Established in late 2005, The Climate Institute is a non-partisan, independent research organisation that works with community, business and government to catalyse and drive the change and innovation needed for a low pollution economy and culture. …
The Climate Institute is primarily funded by a donation from the Poola Foundation (Tom Kantor Fund).
- Westpac Group
- General Electric
- Better Place
- Australia Post
- The Durban Climate Summit: Implications For Australia
- Durban, Australia and the Future of Global Climate Action
The current list of Australian tax exempt charities: deductible gift recipients.
- Dealing in Doubt: the Climate Denial Industry and Climate Science, Greenpeace International, Amsterdam, 2010.
- Inequality is bad for everyone, why isn't it getting better?, July 2017.
Kate Pickett (1965): Professor of Epidemiology, University of York.
- Can economies thrive without growth?, July 2017.
Tim Jackson (1957): Professor of Sustainable Development, University of Surrey.
- Utopia for Realists, 9 March 2017.
Rutger Bregman (1988): Political Economist.
- How to Break the Power of the Banks, 2 March 2017.
Ann Pettifor (1947): Political Economist.
- How to Resist the Self-Improvement Craze, 23 February 2017.
Svend Brinkmann (1975): Professor of Psychology, Department of Communication and Psychology, Aalborg University, Denmark.
- On Corruption, 9 February 2017.
Laurence Cockroft & Anne-Christine Wegener.
- Capitalism and Morality: Beyond Left and Right, 22 November 2016.
- Closing the Opportunity Gap, 6 October 2015.
Robert Putnam: Professor of Public Policy, Harvard University.
- A Brief History of Tomorrow, 8 September 2016.
Yuval Harari: Professor of History, Hebrew University of Jerusalem.
- The Political Economy of Climate Change, 4 December 2014.
Robin Hahnel: Professor of Economics, University of Portland.
- A Brief History of Humankind, 9 September 2014.
Yuval Harari: Professor of History, Hebrew University of Jerusalem.
- Users Guide to Economics, 1 May 2014.
Ha Joon Chang: Professor, Faculty of Politics and Economics, Cambridge University.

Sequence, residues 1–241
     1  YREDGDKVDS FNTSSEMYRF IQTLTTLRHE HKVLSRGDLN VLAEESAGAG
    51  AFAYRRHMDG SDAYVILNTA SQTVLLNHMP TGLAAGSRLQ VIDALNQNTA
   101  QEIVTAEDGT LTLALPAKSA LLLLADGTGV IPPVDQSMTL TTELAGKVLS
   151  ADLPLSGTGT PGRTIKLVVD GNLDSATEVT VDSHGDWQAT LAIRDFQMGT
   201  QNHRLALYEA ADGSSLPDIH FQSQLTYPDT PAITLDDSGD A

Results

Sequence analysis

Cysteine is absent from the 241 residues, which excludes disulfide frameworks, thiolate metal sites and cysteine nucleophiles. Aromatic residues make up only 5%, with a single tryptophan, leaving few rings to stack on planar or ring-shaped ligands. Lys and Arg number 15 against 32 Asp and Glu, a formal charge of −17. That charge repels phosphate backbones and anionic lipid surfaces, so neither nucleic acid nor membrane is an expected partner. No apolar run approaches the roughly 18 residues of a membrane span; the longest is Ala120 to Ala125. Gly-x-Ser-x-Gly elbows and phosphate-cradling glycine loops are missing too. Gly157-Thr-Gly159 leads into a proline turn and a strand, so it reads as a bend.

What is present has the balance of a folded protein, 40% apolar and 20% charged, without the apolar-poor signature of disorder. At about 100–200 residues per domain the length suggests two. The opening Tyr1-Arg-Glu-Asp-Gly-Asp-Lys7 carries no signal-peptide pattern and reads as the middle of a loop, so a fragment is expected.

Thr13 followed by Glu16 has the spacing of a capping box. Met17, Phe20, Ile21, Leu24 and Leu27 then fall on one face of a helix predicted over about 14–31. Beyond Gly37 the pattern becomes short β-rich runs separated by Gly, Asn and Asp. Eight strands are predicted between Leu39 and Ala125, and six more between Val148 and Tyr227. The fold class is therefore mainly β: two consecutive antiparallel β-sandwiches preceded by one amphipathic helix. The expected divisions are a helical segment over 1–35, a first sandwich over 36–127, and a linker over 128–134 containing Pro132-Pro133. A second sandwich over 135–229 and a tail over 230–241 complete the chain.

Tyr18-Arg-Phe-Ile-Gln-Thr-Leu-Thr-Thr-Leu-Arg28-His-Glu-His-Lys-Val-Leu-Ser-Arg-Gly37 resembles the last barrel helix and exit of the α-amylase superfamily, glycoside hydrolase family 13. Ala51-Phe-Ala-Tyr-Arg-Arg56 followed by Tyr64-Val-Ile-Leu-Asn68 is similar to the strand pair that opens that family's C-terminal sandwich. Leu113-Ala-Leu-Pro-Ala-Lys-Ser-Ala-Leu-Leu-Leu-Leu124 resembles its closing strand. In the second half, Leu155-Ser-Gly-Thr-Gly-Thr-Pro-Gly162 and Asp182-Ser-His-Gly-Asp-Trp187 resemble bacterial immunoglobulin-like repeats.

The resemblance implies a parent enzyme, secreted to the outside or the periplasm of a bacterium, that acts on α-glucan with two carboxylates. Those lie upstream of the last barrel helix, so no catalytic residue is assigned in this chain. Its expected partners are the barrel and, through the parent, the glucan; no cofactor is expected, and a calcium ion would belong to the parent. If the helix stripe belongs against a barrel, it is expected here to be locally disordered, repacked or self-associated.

- The Political Origins of Banking Crises, 27 February 2014.
Charles Calomiris: Henry Kaufman Professor of Financial Institutions, Columbia Business School.
- What Should We Tell Our Daughters?, 17 October 2013.
Melissa Benn: Writer.
Stella Creasy (1977): Labour MP.
- Does Population Matter? 10 July 2013.
Danny Dorling (1968): Professor of Human Geography, University of Sheffield.
- How to Help Every Child Fulfil Their Potential, 8 July 2013.
Carol Dweck (1956): Lewis and Virginia Eaton Professor of Psychology, Stanford University.
- The Austerity Delusion, 23 May 2013.
Mark Blyth (1967): Professor of Political Economy, Brown University.
- Lifting the Lid on the Politics of Climate Change, 16 May 2013.
John Ashton (1956).
- A Bit of Give, 2 May 2013.
Adam Grant (1981): Professor of Psychology and Management, Wharton School, University of Pennsylvania.
- The Signal and the Noise, 1 May 2013.
Nate Silver (1978): Applied Statistician.
- The Poor Also Have the Right to Buy and Sell, 21 March 2013.
Hernando de Soto (1941): President, Institute for Liberty and Democracy, Peru.
- Why Can’t We Live Together?, 17 January 2013.
Miles Hewstone (1956): Professor of Social Psychology, Oxford University.
- What Has Nature Ever Done For Us?, 10 January 2013.
Tony Juniper (1960): Senior Associate, University of Cambridge Program for Sustainability Leadership.
- General Ignorance: It’s all about what you don’t know, 6 December 2012.
John Lloyd: Director, Producer and Writer.
- Ideas in the age of information overload, 3 December 2012.
Andrew Park: RSA Animate illustrator, Cognitive Media.
Richard Wiseman (1966): Professor of the Public Understanding of Psychology, University of Hertfordshire.
- Ending Poverty, 20 November 2012.
Thomas Pogge (1953): Leitner Professor of Philosophy and International Affairs, Director, Global Justice Program, Yale University.
- How to Build a Mass Movement Now, 13 November 2012.
Jeremy Heimans: Co-founder and CEO, Purpose.com.
David Miliband (1965): MP for South Shields; Founder, Movement for Change.
- How to Govern Intelligently in the 21st Century, 8 November 2012.
Nicolas Berggruen: President and Chairman, Nicolas Berggruen Institute.
Nathan Gardels (1952): Editor, New Perspectives Quarterly.
- Willpower: Self-control, decision fatigue, and energy, 23 January 2012.
Roy Baumeister (1953): Psychologist.
- The Optimism Bias, 19 January 2012.
Tali Sharot: Neuroscientist.
- The Better Angels of our Nature, 16 December 2010.
Steven Pinker (1954): Johnstone Family Professor, Department of Psychology, Harvard University
- 21st Century Enlightenment, 1 November 2010.
Martha Nussbaum (1947): Ernst Freund Distinguished Service Professor of Law and Ethics, University of Chicago.